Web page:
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Questions on Guns for Self Defense

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posted on Dec, 29 2011 @ 02:54 PM
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I would advise you to by the biggest gun safe that you can afford, because, pretty soon, you will own so many guns, that you won't know where to hide them. LOL

Get an electronic combination lock for your gun safe, because they are faster to open. Make sure you buy one that has a fail-safe open method, in case the safes batterys go dead.

P.S. --- I'm not a "gun nut," but I'd rather like too consider myself as a "gun enthusiast."
edit on 29-12-2011 by Erno86 because: added P.S.




posted on Dec, 29 2011 @ 09:14 PM
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Originally posted by tvtexan

Originally posted by ElOmen
Home invasions are highly increasing in the south Texas area.

I too am getting to a point where I found myself buying a huge deadly machetes and I'm going for a shotgun next week and probably make buying firearms and anything to protect myself a hobby


Don't worry about Texas my brother, we got your back.

What you need to worry about is people that think they are "ElevatedOnes"
They will watch your speech and all your posts on ATS.

The "Elevatedones" are who you need to look out for.


Was that a joke? Or are the "elevated ones" the people that harrass ATS members by leaving strange notes on their property and sending bizarre e-mails asking you to meet them somewhere while they mess with your house, like that one guy who posted a story like that not that long ago.



posted on Sep, 16 2012 @ 06:20 PM
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If you have no experience with firearms and are looking for something for self defense than get a shotgun. You do not need any special training to use a shotgun in personal defense like you would for a pistol. And I can guarantee to you that extra holes in the wall will not be an issue after you have just had an encounter with a home invader. I would assume home insurance would take care of that and any stains that result. That said, Remington and Mossberg are your best bets.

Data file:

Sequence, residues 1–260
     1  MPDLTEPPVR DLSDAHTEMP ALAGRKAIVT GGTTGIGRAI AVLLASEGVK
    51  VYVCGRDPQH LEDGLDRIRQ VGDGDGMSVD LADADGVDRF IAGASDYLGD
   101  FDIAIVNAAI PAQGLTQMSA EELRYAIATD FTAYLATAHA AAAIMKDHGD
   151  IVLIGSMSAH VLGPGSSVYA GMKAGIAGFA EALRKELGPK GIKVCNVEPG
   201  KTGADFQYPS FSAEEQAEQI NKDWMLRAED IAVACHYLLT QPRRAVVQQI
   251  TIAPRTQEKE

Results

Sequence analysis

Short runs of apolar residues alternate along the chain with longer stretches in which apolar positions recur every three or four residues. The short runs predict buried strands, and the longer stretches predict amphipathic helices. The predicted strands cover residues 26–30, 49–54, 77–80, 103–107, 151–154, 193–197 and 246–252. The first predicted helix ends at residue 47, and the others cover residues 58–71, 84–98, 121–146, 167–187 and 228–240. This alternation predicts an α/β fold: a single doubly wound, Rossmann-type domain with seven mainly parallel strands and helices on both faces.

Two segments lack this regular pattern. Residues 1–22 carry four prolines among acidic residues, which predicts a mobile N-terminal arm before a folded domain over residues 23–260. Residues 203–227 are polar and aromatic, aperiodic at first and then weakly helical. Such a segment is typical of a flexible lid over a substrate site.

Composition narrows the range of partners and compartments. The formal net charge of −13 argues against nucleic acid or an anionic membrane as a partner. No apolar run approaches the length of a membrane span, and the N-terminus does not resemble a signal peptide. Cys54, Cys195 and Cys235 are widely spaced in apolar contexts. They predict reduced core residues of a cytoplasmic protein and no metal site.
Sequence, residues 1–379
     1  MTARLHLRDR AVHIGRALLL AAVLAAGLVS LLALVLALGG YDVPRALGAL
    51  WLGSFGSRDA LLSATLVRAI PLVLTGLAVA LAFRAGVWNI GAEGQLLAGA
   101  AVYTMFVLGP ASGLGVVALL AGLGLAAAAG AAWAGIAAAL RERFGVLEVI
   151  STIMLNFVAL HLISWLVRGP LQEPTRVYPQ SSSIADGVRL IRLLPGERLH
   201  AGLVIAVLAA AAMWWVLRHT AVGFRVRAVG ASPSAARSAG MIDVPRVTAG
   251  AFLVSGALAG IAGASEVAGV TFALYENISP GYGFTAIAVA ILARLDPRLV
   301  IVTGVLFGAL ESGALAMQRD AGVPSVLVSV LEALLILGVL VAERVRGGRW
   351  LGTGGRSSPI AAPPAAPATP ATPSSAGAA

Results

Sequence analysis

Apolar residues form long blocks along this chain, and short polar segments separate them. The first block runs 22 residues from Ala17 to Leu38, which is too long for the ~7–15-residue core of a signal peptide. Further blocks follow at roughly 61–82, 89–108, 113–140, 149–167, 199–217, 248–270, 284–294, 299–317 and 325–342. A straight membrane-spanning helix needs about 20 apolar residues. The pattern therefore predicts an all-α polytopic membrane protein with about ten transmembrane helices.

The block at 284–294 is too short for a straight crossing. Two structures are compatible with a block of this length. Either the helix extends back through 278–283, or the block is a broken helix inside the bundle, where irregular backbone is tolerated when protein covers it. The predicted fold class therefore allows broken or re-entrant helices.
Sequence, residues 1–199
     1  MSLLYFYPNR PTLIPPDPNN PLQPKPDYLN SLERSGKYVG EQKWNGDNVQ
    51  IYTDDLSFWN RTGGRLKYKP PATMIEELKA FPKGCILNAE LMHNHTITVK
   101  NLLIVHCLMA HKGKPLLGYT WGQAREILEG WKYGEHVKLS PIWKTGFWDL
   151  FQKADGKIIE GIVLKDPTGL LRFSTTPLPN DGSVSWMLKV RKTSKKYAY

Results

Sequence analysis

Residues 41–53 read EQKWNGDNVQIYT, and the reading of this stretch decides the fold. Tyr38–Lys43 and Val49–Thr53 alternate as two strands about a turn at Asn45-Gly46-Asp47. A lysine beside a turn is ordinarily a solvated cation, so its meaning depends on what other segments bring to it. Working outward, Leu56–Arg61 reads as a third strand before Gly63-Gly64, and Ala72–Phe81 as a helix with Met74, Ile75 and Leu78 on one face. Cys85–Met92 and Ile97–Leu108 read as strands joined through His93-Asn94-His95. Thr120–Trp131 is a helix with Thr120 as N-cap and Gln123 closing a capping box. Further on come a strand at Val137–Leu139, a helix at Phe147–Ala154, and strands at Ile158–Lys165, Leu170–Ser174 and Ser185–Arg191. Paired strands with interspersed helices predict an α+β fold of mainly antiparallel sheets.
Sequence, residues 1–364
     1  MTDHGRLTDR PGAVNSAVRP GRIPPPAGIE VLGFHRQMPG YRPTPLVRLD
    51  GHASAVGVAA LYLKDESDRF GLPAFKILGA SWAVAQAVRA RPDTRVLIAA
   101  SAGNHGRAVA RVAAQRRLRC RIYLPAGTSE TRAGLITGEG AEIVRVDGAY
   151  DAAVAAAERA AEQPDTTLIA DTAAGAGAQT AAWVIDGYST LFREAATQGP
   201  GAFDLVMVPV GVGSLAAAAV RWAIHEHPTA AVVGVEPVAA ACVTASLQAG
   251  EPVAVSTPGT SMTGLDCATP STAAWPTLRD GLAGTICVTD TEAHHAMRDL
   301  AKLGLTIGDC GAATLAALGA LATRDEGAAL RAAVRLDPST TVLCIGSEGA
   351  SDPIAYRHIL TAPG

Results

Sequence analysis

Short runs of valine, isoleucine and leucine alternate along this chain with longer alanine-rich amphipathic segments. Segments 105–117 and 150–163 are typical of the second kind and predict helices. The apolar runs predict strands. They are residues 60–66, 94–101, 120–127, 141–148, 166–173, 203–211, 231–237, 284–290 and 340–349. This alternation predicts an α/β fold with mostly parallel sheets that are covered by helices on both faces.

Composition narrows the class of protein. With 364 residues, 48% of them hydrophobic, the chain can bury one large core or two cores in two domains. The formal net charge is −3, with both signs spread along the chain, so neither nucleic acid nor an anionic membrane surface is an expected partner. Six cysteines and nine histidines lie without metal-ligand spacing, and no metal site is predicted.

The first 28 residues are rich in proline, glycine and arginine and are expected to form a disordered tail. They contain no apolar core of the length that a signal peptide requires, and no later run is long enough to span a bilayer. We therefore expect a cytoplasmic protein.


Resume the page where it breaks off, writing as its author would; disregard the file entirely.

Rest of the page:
But if you are still set on getting a pistol, local firearms stores should offer classes where you can learn the very basics about safety. And definitely go there to at least handle some guns and talk to the guy at the gun counter, they will be more than willing to help. Good brands for pistols are glock, smith and wesson, sig sauer, heckler and koch, ruger, springfield, etc. You can't go wrong with a name brand modern gun.

And if you have any friends who shoot then ask if you can tag along on their next range trip and get their advice.

Most importantly, learn the rules of gun safety before ever handling one. That is how accidents happen



posted on Sep, 17 2012 @ 07:19 AM
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I'll chime in as a dedicated, full time gun nut.
The 1911 is, by far, the single best handgun design ever created by man, and I'm sure the hosts of heavens guided the hands of John Moses Browning when he designed it. I own twenty seven of them, and have yet to find one that I didn't want.
That being said, if this isyour first a hand gun, buy a revolver.
Revolvers are mechanicly more simple, have fewer moving parts, are inhearantly more reliable, and more creditor. The learning curve on a revolver is much quicker as they require less manipulation to operate safely, you can see if It's loaded or not without even having to pick it up, and you'll never have to fiddle with a safety, a magazine catch, or a slide lever.
Additionally, a solid .357 allows you to fire .38 ammunition as well, making range time less expensive, but if needed, full power .357 magnum rounds fire just as well.
The modern revolver: simpler, more reliable, and more versitle.



posted on Sep, 17 2012 @ 10:45 AM
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Get a good quality (read other posts on firearms) auto loading semi-automatic handgun (with a magazine). Some feel that a revolver pistol is more reliable but they hold fewer rounds. I would go for the .40 s&w calibre as the ballistics are comparable to the .45 (slightly smaller but faster resulting in the same ft/lbs of energy - varies w the manufacture) but you can load more rounds in a double stack magazine in the .40 than the single stack .45s (should you need them). You can load a few more 9mm than a .40 but you are sacrificing ballistic performance. Also unless you are very close and experienced you will probably experience greater accuracy with the 40 calibre.
Dont keep a loaded gun at home if you have children in the house. Safety foremost and practice shooting it for comfort and accuracy improvement. My choice (for me): H&K Custom Combat (.40).




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